Tackle and Techniques
There is something special about targeting fish that are inherently mean and aggressive. Tentative soft takes or nipping at the tail of a long fly is not part of the program. When these fish come for your offering, they come hard and fast and no matter if your fly is three inches long or eight inches long with the hook way up at the head, they hammer the entire offering virtually every time. My preferred outfit is fast action nine-foot 8 or 9-weight rod. Pair that with a good saltwater reel and a weight forward line designed to throw big flies (like the Rio Elite Warmwater Predator line); a seven foot section of straight 40-pound mono and two feet of 40-pound wire attached with an Albright knot and you are set for 90 percent of the fishing situations that you will encounter.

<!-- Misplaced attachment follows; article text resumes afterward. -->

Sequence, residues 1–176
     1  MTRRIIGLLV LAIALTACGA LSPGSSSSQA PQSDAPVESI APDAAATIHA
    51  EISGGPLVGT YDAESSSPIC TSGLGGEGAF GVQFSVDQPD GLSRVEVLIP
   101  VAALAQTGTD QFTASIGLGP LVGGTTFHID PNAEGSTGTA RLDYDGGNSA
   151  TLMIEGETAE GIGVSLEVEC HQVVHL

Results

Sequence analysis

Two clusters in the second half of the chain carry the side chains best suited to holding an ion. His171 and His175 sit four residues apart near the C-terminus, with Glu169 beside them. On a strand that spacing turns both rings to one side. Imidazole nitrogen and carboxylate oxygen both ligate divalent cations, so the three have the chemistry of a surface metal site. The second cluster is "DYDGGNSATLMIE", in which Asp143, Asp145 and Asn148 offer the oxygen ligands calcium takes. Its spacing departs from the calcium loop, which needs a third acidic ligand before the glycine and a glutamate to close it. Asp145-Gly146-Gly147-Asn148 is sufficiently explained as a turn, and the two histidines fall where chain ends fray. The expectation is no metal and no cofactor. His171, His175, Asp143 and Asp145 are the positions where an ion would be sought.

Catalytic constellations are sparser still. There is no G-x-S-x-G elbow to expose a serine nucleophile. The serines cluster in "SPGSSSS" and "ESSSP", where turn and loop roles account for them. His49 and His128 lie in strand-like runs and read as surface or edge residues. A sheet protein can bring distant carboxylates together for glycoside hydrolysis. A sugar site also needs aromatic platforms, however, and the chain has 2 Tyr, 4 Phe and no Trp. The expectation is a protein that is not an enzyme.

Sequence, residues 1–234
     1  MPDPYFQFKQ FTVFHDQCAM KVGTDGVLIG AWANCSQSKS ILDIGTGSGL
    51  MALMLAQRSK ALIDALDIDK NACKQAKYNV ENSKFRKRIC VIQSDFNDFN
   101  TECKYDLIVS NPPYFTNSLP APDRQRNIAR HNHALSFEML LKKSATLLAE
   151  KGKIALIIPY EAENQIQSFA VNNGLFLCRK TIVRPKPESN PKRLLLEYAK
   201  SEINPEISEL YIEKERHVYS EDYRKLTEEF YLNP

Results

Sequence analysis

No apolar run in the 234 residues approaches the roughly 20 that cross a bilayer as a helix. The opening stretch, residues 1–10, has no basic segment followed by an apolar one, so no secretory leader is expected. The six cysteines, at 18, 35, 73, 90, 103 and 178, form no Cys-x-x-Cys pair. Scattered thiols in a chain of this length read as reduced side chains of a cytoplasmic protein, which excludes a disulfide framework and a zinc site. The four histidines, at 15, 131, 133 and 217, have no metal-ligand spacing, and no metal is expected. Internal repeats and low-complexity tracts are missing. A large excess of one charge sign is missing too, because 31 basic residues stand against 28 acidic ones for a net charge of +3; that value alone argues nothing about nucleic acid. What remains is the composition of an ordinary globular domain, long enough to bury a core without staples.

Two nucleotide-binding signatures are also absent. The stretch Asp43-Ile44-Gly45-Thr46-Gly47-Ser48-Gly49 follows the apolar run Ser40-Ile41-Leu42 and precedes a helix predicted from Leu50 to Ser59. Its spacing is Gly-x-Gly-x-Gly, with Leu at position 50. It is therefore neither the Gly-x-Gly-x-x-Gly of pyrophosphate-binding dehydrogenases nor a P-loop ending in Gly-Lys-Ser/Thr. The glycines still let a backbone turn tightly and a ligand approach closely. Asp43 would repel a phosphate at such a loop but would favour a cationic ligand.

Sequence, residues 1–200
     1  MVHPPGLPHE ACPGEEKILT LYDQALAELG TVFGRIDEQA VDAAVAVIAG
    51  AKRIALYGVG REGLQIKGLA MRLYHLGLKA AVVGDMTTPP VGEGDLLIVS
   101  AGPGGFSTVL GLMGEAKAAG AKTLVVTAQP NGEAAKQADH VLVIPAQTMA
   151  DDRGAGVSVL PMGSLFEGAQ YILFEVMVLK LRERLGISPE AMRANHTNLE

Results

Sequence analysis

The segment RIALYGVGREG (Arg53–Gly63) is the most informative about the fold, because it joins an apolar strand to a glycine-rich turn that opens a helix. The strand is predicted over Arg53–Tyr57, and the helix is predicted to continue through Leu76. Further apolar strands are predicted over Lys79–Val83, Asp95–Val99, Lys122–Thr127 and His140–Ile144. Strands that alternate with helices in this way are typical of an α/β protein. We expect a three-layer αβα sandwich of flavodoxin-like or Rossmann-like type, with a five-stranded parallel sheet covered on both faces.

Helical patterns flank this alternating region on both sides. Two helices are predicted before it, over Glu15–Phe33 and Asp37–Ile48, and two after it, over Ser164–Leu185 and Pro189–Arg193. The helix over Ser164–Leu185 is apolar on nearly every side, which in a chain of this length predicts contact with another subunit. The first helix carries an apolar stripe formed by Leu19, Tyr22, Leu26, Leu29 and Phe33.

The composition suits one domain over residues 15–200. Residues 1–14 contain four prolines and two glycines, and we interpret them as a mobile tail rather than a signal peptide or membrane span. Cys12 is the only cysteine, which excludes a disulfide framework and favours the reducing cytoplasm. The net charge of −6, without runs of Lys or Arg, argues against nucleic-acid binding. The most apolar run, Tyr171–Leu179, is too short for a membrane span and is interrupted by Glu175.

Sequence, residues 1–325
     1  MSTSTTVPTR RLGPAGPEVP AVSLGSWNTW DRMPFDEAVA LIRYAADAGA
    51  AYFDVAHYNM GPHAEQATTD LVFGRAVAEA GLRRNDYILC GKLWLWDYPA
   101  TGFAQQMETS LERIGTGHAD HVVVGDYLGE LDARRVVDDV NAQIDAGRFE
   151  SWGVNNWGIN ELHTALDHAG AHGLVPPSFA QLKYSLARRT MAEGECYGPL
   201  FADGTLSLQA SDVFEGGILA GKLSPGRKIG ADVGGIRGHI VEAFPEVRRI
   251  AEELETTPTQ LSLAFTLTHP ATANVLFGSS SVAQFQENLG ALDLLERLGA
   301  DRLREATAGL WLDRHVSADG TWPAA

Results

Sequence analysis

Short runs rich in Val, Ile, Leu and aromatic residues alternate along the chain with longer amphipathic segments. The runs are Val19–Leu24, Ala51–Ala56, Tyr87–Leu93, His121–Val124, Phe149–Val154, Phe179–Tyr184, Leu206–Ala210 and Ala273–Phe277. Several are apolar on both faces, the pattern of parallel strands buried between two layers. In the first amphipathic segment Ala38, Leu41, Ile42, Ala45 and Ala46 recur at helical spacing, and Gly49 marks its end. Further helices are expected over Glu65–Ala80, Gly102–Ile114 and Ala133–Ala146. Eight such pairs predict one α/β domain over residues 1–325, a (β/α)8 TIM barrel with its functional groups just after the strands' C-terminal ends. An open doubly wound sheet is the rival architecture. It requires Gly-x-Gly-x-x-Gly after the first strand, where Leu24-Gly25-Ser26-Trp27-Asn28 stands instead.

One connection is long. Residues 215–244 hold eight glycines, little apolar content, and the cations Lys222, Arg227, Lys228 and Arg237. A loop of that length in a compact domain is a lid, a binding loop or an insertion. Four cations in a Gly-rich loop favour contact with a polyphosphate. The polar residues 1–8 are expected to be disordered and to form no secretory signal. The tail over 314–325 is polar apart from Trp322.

When it comes to flies, the favored bets tend to be four to ten inches long and tied on 3/0 - 5/0 hooks. The most common designs are based on brush flies and saltwater streamers. Rio’s King Kinky Muddler, Big Baitfish and the Brammer Imposter all produced this past season. Additionally, large poppers, mice and sliders, can provide explosive top-water action.
All in all, there are few, if any, trips that I get more excited about than Tsimane. With great guides, accommodations, natural beauty, and wildlife, as well as the high likelihood of tangling with multiple fish in the ten-plus pound range every day, I see this as a true must-see destination for all serious adventure anglers.
Let's Get You Ready to Travel to Bolivia
Our Bolivia Destination Mangager is Anil Srivastava